The lenders that are part of the scheme must open up their doors to new customers for as mentioned without them doing do there is no competition and no market for people to get a BBL that may have been declined for an account with the one lender that does accept new customers. and many cannot wait for weeks to save their business by going on an “interest list” with do set in stone timescale when they will be called off that list, if at all and invited to apply.
The Treasury has started to push the issue in recent weeks, telling banks in high level discussions that that the government expect applications to be opened up to non-customers. However, officials have stopped short of forcing banks to do so, as the matter is still considered a business decision.
Shared Industry Database
All Bounce Back Loan Lenders also have access to a secretive “shared industry database” that was put into place to stop fraudulent and duplicate applications for a Bounce Back Loan, and obviously such checks and double checks should be in place.
However, the majority of those applying for a Bounce Back Loan are not aware of its existence, and there have been many documented reports of people being listed on that database erroneously.
Those applicants then find that they are denied a Bounce Back Loan as a lender checking that database believes they have already obtained a Bounce Back Loan when that may not be the case and those applicants are not given an explanation of how they can correct such errors.
Not giving those declined a Bounce Back Loan a way of appealing a decline due to erroneous entries on that database could be argued, as per your remit of being an unfair trading practice “we protect consumers from unfair trading practices”.
Below in an extract from an email sent by Barclays to Starling Bank in which the former pointed out the latter had made an error on the shared industry database, by stating they had paid out a BBL to a customer who had gone on to apply with Barclays for a BBL, and Barclays would not give the applicant a Bounce Back Loan until that error was corrected.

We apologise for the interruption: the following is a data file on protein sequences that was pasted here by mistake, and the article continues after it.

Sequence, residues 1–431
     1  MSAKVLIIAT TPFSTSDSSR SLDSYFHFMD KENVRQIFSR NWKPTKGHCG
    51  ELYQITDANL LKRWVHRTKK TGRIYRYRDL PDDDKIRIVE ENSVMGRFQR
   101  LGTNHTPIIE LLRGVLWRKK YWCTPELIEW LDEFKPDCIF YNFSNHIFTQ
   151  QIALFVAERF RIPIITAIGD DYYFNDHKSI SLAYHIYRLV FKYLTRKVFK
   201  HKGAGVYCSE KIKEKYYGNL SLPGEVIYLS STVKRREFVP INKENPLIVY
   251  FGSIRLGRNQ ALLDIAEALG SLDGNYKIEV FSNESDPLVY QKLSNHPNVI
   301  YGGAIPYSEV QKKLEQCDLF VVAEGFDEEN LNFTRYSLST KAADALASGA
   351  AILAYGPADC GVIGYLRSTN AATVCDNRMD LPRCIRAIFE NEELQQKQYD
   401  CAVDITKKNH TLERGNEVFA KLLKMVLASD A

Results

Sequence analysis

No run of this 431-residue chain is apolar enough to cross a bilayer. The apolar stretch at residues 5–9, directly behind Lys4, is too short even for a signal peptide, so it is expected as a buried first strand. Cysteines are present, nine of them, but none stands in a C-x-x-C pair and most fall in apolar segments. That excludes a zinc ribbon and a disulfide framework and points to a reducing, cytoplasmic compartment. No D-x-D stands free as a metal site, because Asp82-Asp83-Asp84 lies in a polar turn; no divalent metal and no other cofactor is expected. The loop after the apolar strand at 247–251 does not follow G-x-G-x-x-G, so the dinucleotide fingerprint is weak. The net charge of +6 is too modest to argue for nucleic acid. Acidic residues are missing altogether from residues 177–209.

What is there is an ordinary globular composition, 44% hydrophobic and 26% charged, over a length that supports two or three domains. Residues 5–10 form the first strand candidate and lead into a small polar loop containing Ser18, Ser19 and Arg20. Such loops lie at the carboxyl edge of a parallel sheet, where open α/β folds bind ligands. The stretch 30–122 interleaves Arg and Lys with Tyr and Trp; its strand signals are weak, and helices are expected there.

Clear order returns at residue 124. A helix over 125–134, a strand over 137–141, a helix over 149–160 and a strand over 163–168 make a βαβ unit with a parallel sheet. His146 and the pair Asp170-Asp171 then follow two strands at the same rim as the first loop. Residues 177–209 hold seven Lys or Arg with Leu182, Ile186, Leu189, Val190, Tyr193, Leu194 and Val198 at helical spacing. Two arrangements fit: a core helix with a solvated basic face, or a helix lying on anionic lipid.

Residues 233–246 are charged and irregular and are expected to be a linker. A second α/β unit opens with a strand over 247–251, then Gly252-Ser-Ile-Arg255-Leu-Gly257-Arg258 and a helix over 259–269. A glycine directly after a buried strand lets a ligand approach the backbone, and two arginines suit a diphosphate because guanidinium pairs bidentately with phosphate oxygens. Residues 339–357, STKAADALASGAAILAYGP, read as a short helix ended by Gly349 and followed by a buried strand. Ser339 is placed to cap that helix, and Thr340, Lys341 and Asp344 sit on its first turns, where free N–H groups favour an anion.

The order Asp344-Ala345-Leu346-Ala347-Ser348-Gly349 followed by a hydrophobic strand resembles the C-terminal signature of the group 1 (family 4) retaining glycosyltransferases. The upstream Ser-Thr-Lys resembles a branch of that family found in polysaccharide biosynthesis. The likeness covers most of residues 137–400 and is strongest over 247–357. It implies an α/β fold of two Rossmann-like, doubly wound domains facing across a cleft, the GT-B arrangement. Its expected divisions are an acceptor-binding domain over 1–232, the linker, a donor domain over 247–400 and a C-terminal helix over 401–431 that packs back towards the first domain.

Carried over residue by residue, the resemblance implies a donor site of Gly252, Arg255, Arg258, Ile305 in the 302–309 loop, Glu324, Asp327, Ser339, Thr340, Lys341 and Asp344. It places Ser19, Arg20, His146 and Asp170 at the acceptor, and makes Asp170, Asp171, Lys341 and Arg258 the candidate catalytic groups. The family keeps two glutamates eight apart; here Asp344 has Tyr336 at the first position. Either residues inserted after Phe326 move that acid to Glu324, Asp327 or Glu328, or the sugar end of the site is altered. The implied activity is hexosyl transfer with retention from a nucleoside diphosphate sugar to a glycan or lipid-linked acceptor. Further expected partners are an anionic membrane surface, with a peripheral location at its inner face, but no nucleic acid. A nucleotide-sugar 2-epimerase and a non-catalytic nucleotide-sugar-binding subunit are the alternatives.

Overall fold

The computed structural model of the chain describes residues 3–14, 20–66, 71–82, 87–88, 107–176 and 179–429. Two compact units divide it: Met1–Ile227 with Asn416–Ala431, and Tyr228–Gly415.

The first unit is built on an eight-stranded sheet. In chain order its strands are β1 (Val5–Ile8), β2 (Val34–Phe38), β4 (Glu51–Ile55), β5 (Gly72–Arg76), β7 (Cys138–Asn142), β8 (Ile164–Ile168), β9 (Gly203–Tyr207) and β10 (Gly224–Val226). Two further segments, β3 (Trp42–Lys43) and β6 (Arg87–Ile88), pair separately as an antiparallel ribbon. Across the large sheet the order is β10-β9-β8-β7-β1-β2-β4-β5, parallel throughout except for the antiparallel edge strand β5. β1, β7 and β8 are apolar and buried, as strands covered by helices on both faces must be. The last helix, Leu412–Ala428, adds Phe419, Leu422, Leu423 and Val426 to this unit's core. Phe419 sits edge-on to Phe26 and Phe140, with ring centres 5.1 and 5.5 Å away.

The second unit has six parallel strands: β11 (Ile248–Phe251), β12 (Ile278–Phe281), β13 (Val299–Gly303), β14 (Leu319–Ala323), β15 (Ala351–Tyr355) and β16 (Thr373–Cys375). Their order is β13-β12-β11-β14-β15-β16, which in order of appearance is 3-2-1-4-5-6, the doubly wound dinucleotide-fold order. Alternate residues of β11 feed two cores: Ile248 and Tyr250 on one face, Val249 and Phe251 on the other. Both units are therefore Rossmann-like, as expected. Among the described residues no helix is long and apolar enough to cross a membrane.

Ultimately in that case Barclays got tired of the shenanigans of Starling Bank and flatly refused to give the applicant a BBL. Starling Bank then had to save face for their grotesque error and let the applicant apply for one with them, ultimately approving them.
Other similar problems which have been ongoing are when people added their name onto the Tide waiting list, and even though Tide alerted the British Business Bank any entries they made onto that shared industry database where not progressing way back in July people have still been declined the right to apply and get a Bounce Back Loan elsewhere, having been listed by Tide on that database, and other lenders then erroneously seeing that entry as an approved, in progress or paid out BBL:
The solution to that ongoing problem would be to make applicants aware of the shared industry database and put into place a fast track system to get such errors corrected.
One final complaint that is now becoming a regular one is that those applying for a Bounce Back Loan top up are being told the amount they can claim is lower than they feel they are entitled to.
They are being told the amount they originally entered as their turnover is lower than the figure they are adamant they entered. Whilst that is always going to be open to debate, I am aware of one lender that has approved someone’s top-up but then went on to lock that customers account, stating their system messed up and offered them more than they were entitled to claim via a top-up.
Proving, if true of course, that there are now documented cases of such errors. BBL Top-Up applicants should therefore be given a right to appeal rather than a blunt copy and paste rejection of their top-up, for an error could have occurred.
Many people are also asking why they cannot amend their “estimated turnover” if it is now a higher or even lower “actual” turnover amount. However, the rules state that their original turnover must be the one used when applying for any top-up. One must wonder if that is also something you could investigate and rule on as per your “we protect consumers from unfair trading practices” remit too.
As surely, anyone with common sense does know an estimate can change over time.